Friday, May 6, 2011

Cloudless Sulphur

Cloudless Sulphur laying eggs on Senna, Cassia spp.
Early Instar of Cloudless Sulphur on Senna
Munching Senna leaf, Cloudless Sulphur caterpillar
Cloudless Sulphur sheltering in Senna leaf
Killed by Wasp:  Decapitated Cloudless Sulphur caterpillar on Senna leaf
Beautiful Cloudless Sulphur caterpillar, chewing Senna. "Frass" is the word for caterpillar droppings.
Did you see that yellow butterfly?   What kind was it? 
Those lemony flashes are Sulphur butterflies.  If you prefer, you may use the "f" word and spell it "Sulfur".  They are fast, flitty and rarely alight long enough for my little camera to focus. There are different types of Sulphurs and each has a specific larval host plant.  Larval hosts include:   legumes, partridge pea, senna, acacia, clovers and alfalfa.  Adults will enjoy nectaring at your flowers. 

I have a shrubby senna tree (Cassia spp.).  It froze to the ground during our cold snap, but has cheerfully re-grown from the roots.  During April, this made my garden very popular with female Cloudless Sulphurs, Phoebis sennae.  Notice that the larval host is part of its scientific name.  You have to look closely to spot these caterpillars which are the same shade of green as the senna leaves.  The senna also offers physical protection for the larvae;  in the evening, the leaves fold together like butterfly wings, forming a shelter over the caterpillar. 

I was worried that the short plant could never support all the caterpillars I was seeing.  I needn't have worried because the wasps obliterated the caterpillars.  One day there were scores of larvae, in various instars, covering the senna.  A few days later, despite camouflage and hiding, only two remained.  I hope they were able to survive to pupate.  Timing is important.  When the next female Sulphur lays her eggs, the senna will be larger and the wasps may not be nesting.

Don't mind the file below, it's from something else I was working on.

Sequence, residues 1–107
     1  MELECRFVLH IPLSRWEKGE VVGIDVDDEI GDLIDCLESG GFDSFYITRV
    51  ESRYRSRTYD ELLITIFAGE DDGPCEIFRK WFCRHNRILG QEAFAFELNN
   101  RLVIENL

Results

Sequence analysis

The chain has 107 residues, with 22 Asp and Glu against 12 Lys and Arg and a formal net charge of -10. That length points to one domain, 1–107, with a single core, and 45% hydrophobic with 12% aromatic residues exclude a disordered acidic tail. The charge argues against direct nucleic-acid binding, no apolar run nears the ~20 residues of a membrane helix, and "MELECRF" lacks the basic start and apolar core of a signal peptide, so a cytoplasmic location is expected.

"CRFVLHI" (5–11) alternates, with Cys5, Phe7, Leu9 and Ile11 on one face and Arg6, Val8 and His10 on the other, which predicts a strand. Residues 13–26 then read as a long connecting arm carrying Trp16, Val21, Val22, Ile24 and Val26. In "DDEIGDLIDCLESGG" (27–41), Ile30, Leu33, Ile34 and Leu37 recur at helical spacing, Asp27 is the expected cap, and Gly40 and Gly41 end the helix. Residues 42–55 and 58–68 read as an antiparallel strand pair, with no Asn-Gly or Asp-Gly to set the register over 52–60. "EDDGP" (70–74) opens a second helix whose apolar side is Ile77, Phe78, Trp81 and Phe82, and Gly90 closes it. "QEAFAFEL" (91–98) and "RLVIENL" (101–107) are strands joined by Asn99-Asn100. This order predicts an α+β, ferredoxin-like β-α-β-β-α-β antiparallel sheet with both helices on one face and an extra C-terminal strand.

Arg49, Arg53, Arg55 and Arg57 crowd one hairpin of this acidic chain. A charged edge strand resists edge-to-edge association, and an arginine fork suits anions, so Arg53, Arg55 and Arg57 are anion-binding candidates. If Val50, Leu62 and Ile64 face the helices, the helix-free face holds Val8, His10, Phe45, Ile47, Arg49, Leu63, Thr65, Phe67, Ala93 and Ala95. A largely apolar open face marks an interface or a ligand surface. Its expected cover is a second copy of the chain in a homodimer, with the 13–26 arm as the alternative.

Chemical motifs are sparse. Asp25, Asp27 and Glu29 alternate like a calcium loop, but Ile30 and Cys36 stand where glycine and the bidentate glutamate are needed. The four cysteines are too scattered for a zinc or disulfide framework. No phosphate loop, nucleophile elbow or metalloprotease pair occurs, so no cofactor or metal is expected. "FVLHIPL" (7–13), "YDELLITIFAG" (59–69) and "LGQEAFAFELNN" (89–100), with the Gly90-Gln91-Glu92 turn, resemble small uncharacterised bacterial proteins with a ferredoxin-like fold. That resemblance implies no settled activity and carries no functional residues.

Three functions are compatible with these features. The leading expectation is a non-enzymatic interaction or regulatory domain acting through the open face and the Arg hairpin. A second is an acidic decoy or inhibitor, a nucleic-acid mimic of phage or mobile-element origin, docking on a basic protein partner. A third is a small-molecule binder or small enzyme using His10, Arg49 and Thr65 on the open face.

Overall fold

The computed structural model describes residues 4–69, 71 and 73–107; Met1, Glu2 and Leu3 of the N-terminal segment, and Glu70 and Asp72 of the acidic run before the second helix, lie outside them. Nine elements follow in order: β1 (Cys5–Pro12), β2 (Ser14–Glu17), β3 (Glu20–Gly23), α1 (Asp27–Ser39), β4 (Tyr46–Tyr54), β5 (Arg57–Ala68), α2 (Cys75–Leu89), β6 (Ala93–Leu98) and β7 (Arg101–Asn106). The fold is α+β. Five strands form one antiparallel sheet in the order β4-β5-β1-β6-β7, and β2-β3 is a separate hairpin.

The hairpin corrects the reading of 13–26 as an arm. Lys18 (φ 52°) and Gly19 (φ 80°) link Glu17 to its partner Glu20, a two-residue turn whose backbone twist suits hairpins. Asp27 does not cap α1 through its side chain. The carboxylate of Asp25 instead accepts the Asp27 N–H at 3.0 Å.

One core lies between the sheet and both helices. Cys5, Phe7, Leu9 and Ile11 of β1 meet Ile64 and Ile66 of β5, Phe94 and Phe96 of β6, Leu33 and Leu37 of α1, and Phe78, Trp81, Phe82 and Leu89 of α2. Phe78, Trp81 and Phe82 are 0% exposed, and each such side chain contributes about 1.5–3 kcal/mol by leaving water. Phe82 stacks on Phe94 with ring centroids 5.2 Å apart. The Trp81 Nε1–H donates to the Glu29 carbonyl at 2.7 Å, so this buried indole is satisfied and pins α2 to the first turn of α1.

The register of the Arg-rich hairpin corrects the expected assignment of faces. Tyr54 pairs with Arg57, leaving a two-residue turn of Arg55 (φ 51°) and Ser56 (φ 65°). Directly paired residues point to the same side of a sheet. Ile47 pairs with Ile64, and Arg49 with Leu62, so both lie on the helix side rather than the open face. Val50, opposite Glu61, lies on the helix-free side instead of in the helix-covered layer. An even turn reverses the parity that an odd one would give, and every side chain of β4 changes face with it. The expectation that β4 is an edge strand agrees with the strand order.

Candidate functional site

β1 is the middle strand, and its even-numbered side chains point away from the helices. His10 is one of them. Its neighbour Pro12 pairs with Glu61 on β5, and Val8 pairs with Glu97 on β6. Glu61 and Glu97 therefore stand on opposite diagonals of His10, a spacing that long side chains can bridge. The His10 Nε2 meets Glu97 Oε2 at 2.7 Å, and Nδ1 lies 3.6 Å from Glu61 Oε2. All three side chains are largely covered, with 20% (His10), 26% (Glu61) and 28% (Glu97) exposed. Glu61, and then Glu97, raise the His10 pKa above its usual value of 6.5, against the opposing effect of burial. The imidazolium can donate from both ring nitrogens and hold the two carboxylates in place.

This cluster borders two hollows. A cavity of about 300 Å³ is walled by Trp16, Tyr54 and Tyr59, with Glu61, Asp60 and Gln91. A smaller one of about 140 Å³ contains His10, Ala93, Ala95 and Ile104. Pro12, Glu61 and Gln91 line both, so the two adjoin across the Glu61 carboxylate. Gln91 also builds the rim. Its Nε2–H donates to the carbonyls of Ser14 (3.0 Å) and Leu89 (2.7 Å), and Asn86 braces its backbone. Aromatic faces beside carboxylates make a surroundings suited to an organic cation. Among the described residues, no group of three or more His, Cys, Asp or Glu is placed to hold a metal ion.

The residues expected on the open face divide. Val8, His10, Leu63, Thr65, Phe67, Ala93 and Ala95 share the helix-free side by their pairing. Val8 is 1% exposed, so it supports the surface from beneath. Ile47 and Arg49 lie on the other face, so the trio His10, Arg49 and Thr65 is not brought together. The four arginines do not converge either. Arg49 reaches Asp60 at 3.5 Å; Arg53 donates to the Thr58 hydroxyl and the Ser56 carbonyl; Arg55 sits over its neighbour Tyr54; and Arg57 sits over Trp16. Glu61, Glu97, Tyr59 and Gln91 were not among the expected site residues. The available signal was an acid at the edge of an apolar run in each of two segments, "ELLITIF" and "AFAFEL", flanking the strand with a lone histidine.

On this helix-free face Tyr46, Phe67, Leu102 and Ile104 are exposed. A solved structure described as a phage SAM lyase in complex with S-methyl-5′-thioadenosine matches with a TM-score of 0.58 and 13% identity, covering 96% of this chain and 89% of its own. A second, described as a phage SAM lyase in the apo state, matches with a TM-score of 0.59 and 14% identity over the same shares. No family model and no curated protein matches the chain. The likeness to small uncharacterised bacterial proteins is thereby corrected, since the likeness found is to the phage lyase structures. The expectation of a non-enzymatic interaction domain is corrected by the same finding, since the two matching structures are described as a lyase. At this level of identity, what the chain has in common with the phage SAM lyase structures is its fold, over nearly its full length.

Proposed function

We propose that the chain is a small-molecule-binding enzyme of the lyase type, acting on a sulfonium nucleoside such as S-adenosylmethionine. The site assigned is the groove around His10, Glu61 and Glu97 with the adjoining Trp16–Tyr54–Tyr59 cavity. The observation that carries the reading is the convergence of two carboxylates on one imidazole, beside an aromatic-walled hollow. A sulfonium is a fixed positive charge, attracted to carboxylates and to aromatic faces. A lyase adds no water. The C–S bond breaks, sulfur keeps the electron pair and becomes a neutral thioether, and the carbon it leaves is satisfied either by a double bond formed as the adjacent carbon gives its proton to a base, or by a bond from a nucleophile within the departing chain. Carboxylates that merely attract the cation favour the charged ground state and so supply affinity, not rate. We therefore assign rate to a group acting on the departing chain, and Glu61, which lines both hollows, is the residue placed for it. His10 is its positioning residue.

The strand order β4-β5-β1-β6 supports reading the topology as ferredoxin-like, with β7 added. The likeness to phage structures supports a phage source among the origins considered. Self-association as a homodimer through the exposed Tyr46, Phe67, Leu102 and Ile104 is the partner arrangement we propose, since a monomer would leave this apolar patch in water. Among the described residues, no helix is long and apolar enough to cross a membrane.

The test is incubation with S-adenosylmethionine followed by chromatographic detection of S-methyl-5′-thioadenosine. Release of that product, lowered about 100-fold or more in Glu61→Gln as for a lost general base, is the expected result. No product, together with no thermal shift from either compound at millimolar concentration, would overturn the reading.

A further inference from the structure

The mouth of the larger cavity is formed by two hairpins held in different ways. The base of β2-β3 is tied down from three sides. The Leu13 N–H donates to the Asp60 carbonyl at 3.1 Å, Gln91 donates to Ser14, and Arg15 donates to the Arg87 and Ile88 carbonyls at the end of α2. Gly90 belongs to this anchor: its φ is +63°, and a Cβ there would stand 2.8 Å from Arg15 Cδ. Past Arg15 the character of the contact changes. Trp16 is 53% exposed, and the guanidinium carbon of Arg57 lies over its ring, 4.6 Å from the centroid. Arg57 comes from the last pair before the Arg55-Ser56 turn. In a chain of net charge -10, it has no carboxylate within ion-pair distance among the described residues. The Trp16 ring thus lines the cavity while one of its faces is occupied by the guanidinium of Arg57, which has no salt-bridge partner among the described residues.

Sunday, May 1, 2011

Monarchs in the Milkweed Patch!

Early instar of Monarch Caterpillar on Asclepias curassavica
Monarch Caterpillars on A. curassavica.  How many do you see?
Four Monarchs munching - they are running out of leaves.
When the leaves are gone, but you're still hungry, gnaw on the stem. Monarch Caterpillar on A. curassavica.
Ultimate Instar of Monarch Caterpillar, Ventral View
Finished Monarch Chrysalis &  another caterpillar in J-Stage, preparing to shed skin and form chrysalis.
Newly eclosed Monarch
     Yay!  Monarchs! They are the reason we plant milkweed (Asclepias spp.) They are having such difficulties that I am thrilled when they can rest, refuel and reproduce in my garden & my Milkweed Patch.  I am a registered Monarch Waystation; perhaps they see the sign?
          A nice brood developed in mid-December. It was probably too early for butterflies to be migrating north from Mexico, so I believe it was a year-round resident female monarch who visited.   Alas, the day several adults eclosed (hatched), we had unusual, record-breaking, freezing weather that lasted for days.
     By the end of March, another female monarch found my milkweed.  How do they find it, I wonder?  A nice bunch of caterpillars grew fat munching on the fresh milkweed. We counted eight jade-green chrysalides suspended from the soffits;  there were surely more in the shrubbery or on the flowers that we did not see.
     Safe journey north, little guys.